December 15, 2010  11:56 AM ET
QUOTE(#6):

hmmm, not a common viewpoint.

It is my viewpoint as well and is shared by many that are at least tentative about the idea of advancing toward a playoff. A smaller playoff of six or less teams would be a decent compromise between regular season best and tournament best .

December 15, 2010  12:46 PM ET
QUOTE(#7):

It is my viewpoint as well and is shared by many that are at least tentative about the idea of advancing toward a playoff. A smaller playoff of six or less teams would be a decent compromise between regular season best and tournament best .

So should the NCAA change every other sport to a BCS type system? Are all college athletic playoff systems flawed then? If team A appears to be the weaker team all season, but then beats Team B which appeared stronger is that wrong? It proves that on the field, Team A beat Team B. What more could you want?
If you look at it your way, Auburn didn't look impressive at all the first half of the season so if there was a playoff would they be deserving or not.

December 15, 2010  12:53 PM ET
QUOTE(#8):

If you look at it your way, Auburn didn't look impressive at all the first half of the season so if there was a playoff would they be deserving or not.

Definitely. Undefeated against a very top rate schedule.

Actually, I think most other sports have it wrong by allowing too many teams in the playoffs. Small playoffs are good. Big ones not as good. They are popular but create a tournament champion.

December 15, 2010  01:01 PM ET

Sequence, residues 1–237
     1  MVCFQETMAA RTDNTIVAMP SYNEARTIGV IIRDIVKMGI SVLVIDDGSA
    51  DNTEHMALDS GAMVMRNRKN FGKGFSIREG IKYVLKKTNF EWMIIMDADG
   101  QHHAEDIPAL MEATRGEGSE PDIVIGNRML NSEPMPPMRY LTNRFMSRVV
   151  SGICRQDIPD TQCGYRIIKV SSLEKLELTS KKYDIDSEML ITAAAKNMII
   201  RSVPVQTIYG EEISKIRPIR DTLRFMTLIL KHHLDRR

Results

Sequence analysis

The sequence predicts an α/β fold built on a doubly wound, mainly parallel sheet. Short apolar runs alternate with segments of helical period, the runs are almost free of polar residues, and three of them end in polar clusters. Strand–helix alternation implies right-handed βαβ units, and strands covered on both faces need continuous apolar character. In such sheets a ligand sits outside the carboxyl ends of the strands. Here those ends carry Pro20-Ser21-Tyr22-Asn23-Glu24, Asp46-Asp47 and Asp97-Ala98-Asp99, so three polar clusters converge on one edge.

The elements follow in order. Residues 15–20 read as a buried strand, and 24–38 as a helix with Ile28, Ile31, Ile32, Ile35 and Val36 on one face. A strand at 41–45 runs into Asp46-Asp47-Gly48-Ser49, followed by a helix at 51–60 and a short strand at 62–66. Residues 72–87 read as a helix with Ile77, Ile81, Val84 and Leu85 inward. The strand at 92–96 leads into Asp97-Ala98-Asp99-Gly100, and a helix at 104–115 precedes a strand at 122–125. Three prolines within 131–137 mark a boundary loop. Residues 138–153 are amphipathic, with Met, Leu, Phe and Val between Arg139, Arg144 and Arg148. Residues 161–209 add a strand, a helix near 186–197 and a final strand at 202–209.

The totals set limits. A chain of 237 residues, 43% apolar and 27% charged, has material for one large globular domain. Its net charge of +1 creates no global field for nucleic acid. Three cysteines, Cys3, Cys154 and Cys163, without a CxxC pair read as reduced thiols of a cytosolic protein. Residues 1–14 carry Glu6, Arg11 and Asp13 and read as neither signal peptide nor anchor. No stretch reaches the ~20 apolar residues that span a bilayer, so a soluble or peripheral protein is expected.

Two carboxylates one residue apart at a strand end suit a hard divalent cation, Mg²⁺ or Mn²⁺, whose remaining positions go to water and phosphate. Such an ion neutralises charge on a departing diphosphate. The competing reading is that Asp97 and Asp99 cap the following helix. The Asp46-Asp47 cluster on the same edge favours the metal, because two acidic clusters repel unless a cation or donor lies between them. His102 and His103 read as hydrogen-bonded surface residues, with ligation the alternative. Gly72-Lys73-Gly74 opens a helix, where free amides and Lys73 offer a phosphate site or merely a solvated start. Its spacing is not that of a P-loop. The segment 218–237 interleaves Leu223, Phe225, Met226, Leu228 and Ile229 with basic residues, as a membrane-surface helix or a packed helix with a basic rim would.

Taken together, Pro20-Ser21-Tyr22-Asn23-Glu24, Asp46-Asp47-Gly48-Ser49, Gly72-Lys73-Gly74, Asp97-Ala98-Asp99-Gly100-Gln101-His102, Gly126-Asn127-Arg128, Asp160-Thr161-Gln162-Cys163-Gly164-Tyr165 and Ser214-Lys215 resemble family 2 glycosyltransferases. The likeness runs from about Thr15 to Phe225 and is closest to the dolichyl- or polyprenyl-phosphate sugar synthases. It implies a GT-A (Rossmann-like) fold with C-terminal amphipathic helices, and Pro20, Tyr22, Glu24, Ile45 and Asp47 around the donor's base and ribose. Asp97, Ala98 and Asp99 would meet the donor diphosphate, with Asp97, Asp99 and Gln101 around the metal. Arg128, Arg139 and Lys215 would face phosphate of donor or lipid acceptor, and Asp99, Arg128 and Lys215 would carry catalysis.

QUOTE(#9):

Definitely. Undefeated against a very top rate schedule.

Your spin.
Facts, in the 1st 5 games of the season -
beat a mediocre Clemson team in OT
beat a very mediocre Kentucky team on a last play FG
beat an average Miss St team by a FG
That ain't exactly lighting up the scoreboard and not exactly a top rate schedule

December 15, 2010  01:02 PM ET
QUOTE(#9):

Actually, I think most other sports have it wrong by allowing too many teams in the playoffs. Small playoffs are good. Big ones not as good. They are popular but create a tournament champion.

BREAKING NEWS FLASH - All NCAA and pro sports declared wrong!!!!

December 15, 2010  01:03 PM ET
QUOTE(#10):

Your spin.Facts, in the 1st 5 games of the season

Sorry six games, forgot to throw in the blowouts of Ark St and Lou-Monroe, those really tough top rated opponents

December 15, 2010  01:55 PM ET

There is little question that a playoff is the accepted way to determine a champion, however the method of determining the participants can lend itself to being suspect.

IMO - All and only conference champions should be chosen to participate. Yes this season schools like Stanford and Wisconsin would be left out and teams like Miami of Ohio and FIU would be included, but at least it would be because of known and defined requirements and not the results of a mysterious "beauty contest."